[Pkg-ime-devel] Bug#708847: ibus: provide default input methods if one is not specified
dparsons at debian.org
Mon May 20 03:40:47 UTC 2013
On Sun, 2013-05-19 at 18:37 +0900, Osamu Aoki wrote:
> > One of the design philosophies in Debian is that packages should
> > generally "just work" when installed.
Thanks for allowing the discussion to take place. It sounds like the
cyclic dependency is the point to think through.
> > At the moment ibus does not do
> > this: if you install the ibus package, no input methods are included.
> > Hence a default installation does not work.
> Really :-) It support xim method.
Perhaps. But I understand that xim is precisely the problem that ibus
and fcitx are designed to solve... :)
> > (fcitx has the same problem, I mentioned it in bug #708149 but I think
> > I should file a separate bug for it, parallel to this bug in ibus)
> This is intentional choice with reasons. If we were to make such
> utitily package as ibus-all-popular and fcitx-all-popular, this may be
> made to pull in many packages. We did not do this.
> Please see how CJK language localization tasks pick IM packages.
It certainly is reasonable to want to not pull in unneeded packages. In
principle my "xorg-like" mechanism would satisfy that through the
"popular | specific" condition. The localization tasks would include the
specific input method they need, and therefore the other input methods
would not be pulled in.
> Japanese ibus-anthy ibus-mozc are your pick (But current Japanese task
> maintainer chose to use uim. So he has uim-anthy uim-mozc.)
Thanks for the correction for preferred Japanese input. I haven't
tested uim yet. Looks like the same question I'm raising would apply to
it too. If I can convince you to adjust for the input-method-popular |
input-method-specific dependency, then perhaps a general mechanism could
be designed, say by expanding the scope of im-config (but that would
probably introduce unnecessary anbd therefore undesirable complexity).
> I have not thought through but do you claim this does not cause cyclic
> dependency for sure. Unlike xorg cases, these ibus-hangul depends on
Ah, I didn't catch that the ibus input methods Depend on ibus. That
complicates it a little. It's a bit different with fcitx, which uses
Recommends rather than Depends (which I think would not count as a
Best then to lay down the use cases. I think there are only two.
1) Native speaker who wants immediate access to their own language.
This user will see the input method for their language and select it for
installation. It's reasonable for that to be the only action they need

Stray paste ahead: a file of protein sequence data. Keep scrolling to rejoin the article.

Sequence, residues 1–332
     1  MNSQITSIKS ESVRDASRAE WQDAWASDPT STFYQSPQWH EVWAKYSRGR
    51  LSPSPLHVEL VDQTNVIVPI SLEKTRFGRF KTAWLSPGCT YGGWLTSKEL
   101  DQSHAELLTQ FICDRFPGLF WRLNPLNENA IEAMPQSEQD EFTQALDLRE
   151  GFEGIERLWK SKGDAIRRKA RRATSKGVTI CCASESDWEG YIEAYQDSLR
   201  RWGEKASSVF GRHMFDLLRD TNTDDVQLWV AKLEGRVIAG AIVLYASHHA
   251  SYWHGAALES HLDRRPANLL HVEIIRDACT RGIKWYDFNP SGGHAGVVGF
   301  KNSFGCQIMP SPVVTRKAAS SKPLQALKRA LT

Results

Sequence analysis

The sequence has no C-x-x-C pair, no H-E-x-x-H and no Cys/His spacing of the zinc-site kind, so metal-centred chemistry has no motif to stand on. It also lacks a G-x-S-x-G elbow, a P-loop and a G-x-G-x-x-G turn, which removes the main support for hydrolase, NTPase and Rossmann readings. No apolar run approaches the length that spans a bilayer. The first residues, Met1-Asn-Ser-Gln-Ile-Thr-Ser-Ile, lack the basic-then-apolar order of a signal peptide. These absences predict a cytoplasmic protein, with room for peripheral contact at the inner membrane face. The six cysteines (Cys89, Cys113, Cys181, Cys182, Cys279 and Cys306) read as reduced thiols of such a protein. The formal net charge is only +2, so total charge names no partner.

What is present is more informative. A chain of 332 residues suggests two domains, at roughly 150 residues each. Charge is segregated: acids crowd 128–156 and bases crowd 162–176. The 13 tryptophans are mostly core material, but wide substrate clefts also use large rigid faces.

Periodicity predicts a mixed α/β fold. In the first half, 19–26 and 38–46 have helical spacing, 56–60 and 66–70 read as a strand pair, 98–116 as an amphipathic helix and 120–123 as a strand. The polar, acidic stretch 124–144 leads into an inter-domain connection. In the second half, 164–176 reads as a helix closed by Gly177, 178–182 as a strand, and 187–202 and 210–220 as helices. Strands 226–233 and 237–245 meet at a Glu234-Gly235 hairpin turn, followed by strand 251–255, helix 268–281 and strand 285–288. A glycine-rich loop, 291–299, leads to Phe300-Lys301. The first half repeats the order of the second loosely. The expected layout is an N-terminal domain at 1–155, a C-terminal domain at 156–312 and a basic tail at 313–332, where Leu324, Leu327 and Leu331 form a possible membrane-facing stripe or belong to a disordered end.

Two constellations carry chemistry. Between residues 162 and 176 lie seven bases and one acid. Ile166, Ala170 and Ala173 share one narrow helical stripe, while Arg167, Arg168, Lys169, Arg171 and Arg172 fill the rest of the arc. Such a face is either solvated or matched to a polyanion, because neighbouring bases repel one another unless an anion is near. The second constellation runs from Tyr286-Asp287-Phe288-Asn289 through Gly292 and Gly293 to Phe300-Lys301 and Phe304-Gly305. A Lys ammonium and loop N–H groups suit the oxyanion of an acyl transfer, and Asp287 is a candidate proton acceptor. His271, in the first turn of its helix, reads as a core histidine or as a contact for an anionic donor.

to take. This is the use case you currently have in place. When an
ibus input is selected, it pulls in ibus (via Depends, but would
Recommends be sufficient?) to provide the required framework.
2) Non-native speaker who just wants access to other languages, without
expecting to routinely use them every day (this is the casual user I
invoked). This user doesn't know the difference between anthy, mozc and
skk. For educational purpose they may want each of Chinese, Japanese and
Korean installed. They hear that ibus integrates well with Gnome and
select it for installation. My suggestion is that it's reasonable for
them to gain an ibus installation which is already ready to sue.
The sticking point, then, is that currently the ibus input methods
Depend on ibus. Would you consider changing this to a Recommends? I
believe this will continue to support Use Case 1, so it will continue to
work the way you intended. Then I think with a Recommends
relationship, my mechanism would be able to support Use Case 2 without
introducing a cyclic dependency. Recommends doesn't cause a cyclic
dependency, does it?
A Recommends would mean that a user may explicitly choose to uninstall
ibus while leaving the input method installed. I think this would come
under the category of "expert user", one who knows what they're doing.
We don't need to force the decisions of those users. Maybe they want
access to the ibus data files to help port an input method to uim :)
> > It's easy for me to generate a patch for you, let me know if that would be
> > helpful.
> Yes patch and also policy conformance explanation. Otherwise, we will
> not be doing concrete discussion.
Thanks. I'll wait to hear what you think of my policy interpretation,
with the suggestion to use Recommends instead of Depends. I'll generate
some patches if you give the thumbs up :)
p.s. good luck with the extended Gnome integration :)
> -- no debconf information
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